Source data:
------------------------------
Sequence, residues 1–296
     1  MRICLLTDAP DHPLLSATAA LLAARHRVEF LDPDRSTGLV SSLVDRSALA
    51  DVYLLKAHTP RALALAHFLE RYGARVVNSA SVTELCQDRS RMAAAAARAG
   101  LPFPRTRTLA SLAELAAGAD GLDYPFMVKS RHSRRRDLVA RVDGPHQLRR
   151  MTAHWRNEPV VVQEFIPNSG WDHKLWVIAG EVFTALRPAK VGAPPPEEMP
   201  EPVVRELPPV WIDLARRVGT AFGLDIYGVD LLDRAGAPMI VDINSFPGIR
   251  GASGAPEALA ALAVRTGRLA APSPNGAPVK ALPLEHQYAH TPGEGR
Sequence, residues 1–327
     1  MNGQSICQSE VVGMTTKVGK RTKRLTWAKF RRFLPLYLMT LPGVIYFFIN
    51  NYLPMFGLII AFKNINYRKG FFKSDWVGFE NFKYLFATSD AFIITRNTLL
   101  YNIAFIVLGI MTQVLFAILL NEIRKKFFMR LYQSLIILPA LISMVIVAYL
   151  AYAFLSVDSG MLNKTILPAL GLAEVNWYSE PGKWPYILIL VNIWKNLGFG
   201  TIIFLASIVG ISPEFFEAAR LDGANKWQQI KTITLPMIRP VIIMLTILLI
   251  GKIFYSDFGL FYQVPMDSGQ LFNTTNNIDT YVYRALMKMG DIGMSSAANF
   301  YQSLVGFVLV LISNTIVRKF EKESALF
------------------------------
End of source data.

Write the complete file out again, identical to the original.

Sequence, residues 1–296
     1  MRICLLTDAP DHPLLSATAA LLAARHRVEF LDPDRSTGLV SSLVDRSALA
    51  DVYLLKAHTP RALALAHFLE RYGARVVNSA SVTELCQDRS RMAAAAARAG
   101  LPFPRTRTLA SLAELAAGAD GLDYPFMVKS RHSRRRDLVA RVDGPHQLRR
   151  MTAHWRNEPV VVQEFIPNSG WDHKLWVIAG EVFTALRPAK VGAPPPEEMP
   201  EPVVRELPPV WIDLARRVGT AFGLDIYGVD LLDRAGAPMI VDINSFPGIR
   251  GASGAPEALA ALAVRTGRLA APSPNGAPVK ALPLEHQYAH TPGEGR
Sequence, residues 1–327
     1  MNGQSICQSE VVGMTTKVGK RTKRLTWAKF RRFLPLYLMT LPGVIYFFIN
    51  NYLPMFGLII AFKNINYRKG FFKSDWVGFE NFKYLFATSD AFIITRNTLL
   101  YNIAFIVLGI MTQVLFAILL NEIRKKFFMR LYQSLIILPA LISMVIVAYL
   151  AYAFLSVDSG MLNKTILPAL GLAEVNWYSE PGKWPYILIL VNIWKNLGFG
   201  TIIFLASIVG ISPEFFEAAR LDGANKWQQI KTITLPMIRP VIIMLTILLI
   251  GKIFYSDFGL FYQVPMDSGQ LFNTTNNIDT YVYRALMKMG DIGMSSAANF
   301  YQSLVGFVLV LISNTIVRKF EKESALF